Businesses in Greater Victoria’s hospitality and retail industries have not rebounded from the effects of COVID-19 restrictions as quickly as sectors such as construction and development. Recommendations released Thursday (Aug. 27) by the South Island Prosperity Partnership address the challenges faced by certain industries and steps to be taken to accelerate the region’s overall economic recovery. (Black Press Media file photo)

Businesses in Greater Victoria’s hospitality and retail industries have not rebounded from the effects of COVID-19 restrictions as quickly as sectors such as construction and development. Recommendations released Thursday (Aug. 27) by the South Island Prosperity Partnership address the challenges faced by certain industries and steps to be taken to accelerate the region’s overall economic recovery. (Black Press Media file photo)

Roadmap to recovery: South Island Prosperity Partnership releases 40-point plan

Recommendations provide broad strategies to jump-start economy in Greater Victoria and beyond

The South Island Prosperity Partnership (SIPP) hopes a new 40-point list of industry recommendations will jump start a new phase of economic growth and help lift the region out of the COVID-19 doldrums.

On Thursday (Aug. 27) SIPP’s Rising Economy Taskforce released far-reaching recommendations from each of its 10 committees, representing sectors as specific as “Agriculture, Food and Beverage” and as broad as “Inclusive Economy.”

The recommendations, compiled through a four and-a-half month process that involved more than 120 stakeholders from business, government and the non-profit sectors, provide a detailed action plan that aims to accelerate economic recovery on the south Island. In general, they call for investments in such areas as retraining workers, providing further access to financial supports for business and strengthening shop local themes.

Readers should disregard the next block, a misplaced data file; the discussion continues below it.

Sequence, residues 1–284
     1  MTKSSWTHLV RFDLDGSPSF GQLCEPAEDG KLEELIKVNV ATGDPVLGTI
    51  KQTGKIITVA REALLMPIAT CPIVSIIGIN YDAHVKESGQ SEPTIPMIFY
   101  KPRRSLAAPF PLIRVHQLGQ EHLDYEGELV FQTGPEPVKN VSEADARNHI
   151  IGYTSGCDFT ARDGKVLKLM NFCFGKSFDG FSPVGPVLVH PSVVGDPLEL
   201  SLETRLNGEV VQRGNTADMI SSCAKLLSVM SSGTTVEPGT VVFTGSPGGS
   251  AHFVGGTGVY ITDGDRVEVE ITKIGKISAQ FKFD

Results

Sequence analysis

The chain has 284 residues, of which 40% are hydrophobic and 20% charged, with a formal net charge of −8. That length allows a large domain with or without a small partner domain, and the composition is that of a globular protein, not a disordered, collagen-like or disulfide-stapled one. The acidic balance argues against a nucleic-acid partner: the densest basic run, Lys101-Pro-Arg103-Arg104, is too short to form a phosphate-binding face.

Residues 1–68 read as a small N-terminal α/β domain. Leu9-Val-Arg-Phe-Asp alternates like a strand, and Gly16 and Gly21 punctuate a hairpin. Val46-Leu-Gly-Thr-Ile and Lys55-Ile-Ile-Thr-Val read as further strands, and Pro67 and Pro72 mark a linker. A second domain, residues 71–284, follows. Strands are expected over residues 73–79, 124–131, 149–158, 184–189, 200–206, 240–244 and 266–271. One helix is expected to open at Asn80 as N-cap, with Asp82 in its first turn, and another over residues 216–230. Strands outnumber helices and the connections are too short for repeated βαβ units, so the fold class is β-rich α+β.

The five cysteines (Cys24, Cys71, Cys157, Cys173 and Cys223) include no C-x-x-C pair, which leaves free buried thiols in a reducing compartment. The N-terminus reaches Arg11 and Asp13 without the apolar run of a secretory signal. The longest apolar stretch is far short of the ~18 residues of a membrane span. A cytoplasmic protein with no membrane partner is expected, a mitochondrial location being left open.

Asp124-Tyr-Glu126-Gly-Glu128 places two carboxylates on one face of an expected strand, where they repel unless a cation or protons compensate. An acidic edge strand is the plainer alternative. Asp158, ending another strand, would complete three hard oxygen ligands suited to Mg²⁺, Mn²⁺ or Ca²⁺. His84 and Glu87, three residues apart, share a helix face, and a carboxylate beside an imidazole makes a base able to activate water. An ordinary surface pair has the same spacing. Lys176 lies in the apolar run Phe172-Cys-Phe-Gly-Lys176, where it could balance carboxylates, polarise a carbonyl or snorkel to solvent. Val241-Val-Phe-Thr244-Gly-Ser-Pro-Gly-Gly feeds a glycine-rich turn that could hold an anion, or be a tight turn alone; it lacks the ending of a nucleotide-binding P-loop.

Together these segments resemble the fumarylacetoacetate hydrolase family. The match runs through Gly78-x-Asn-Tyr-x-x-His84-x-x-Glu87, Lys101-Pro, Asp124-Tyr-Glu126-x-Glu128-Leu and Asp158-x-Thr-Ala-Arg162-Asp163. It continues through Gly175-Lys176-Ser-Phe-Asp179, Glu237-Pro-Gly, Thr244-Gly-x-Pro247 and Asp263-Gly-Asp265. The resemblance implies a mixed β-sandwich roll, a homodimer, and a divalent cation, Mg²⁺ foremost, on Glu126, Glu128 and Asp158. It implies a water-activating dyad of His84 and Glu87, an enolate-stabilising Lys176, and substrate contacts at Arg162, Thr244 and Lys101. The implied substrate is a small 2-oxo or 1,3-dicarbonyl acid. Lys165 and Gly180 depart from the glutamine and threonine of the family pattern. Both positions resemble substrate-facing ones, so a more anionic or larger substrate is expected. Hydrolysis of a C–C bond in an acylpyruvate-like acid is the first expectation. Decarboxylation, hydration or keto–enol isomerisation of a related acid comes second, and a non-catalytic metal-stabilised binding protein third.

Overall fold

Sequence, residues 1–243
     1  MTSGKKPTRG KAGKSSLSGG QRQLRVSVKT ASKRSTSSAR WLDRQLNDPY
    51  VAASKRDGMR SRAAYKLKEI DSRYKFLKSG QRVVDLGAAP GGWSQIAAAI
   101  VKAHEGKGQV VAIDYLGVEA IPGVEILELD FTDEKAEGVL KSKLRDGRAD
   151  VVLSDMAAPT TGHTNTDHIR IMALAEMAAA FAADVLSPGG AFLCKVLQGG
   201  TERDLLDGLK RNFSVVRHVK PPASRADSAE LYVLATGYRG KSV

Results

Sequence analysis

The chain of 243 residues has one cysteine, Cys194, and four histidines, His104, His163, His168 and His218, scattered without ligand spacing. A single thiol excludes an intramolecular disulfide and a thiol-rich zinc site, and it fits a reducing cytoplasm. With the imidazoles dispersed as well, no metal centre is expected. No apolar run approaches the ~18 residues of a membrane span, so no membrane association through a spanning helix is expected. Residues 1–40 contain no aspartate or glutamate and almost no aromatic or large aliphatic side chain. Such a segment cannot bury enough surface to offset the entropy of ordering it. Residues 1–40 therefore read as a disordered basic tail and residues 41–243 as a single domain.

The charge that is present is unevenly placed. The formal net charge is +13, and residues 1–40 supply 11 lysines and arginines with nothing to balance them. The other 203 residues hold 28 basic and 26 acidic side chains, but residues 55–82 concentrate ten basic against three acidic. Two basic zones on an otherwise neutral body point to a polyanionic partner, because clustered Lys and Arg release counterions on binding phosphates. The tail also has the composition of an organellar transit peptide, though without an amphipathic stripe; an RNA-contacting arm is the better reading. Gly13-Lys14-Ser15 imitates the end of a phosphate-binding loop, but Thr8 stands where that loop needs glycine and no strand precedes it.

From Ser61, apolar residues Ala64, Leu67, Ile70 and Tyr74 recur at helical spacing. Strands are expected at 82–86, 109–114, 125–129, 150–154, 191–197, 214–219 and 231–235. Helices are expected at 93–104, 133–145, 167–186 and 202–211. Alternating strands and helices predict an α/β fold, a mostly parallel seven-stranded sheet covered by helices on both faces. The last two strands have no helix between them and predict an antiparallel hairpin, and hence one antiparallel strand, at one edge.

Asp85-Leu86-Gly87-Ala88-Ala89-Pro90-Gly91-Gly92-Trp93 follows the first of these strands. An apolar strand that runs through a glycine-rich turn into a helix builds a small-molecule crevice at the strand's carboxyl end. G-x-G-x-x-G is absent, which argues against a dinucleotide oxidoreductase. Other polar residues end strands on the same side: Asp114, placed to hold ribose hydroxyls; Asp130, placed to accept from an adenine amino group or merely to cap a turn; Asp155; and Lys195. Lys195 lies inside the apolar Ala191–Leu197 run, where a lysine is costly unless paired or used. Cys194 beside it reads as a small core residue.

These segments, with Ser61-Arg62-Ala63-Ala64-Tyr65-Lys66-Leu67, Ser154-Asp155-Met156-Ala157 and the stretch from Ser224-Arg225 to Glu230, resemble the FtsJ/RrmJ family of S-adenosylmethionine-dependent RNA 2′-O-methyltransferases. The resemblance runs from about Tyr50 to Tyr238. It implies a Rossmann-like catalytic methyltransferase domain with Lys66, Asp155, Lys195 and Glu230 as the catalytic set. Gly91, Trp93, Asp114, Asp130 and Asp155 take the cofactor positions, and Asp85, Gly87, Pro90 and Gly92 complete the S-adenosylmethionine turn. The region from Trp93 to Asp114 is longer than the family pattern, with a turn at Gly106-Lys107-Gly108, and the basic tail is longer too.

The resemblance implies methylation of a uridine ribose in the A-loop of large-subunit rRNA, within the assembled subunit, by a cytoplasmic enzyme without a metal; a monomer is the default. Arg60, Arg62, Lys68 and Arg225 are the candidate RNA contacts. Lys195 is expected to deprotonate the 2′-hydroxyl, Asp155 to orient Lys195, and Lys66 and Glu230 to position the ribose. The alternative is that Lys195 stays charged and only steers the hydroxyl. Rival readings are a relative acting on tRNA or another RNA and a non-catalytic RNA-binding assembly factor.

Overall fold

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“This challenge necessitates unprecedented collaboration,” SIPP CEO Emilie de Rosenroll said in a release. “When we work together, our region rebounds faster, dreams bigger and achieves more. Collaboration, commitment and energy are critical now to help our region recover from this recession and develop the resiliency to withstand future economic shocks.”

In the coming months, the task force will guide a region-wide response and develop recovery priorities that maximize the impact on the economy. Key components of that plan include helping stakeholders identify common interests and developing partnerships, as well as engaging industry expertise to help even out economic recovery across all sectors.

Recognition that real estate, development and construction have rebounded strongly, while tourism, retail and hospitality – which employ far more local workers – are struggling to make up lost ground showed an uneven dependency on the latter for the region’s prosperity and an urgent need for diversification.

SIPP chair Craig Norris called the committee recommendations “inclusive, innovative and actionable over the next 18 months.” The result of a comprehensive, collaborative and coordinated effort that began in April, they provide an effective and sustainable route to recovery and will help focus local efforts to move forward, he said.

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The release of SIPP’s full economic recovery strategy happens the week of Nov. 16-20 during Rising Economy Week, a mostly virtual event bringing together leaders from industry, government and non-profits to share ideas and strategies for responding to the effects of the pandemic. Find more information on that event at southislandprosperity.ca.

The full committees report can be accessed online at bit.ly/2QwGyvm.


 

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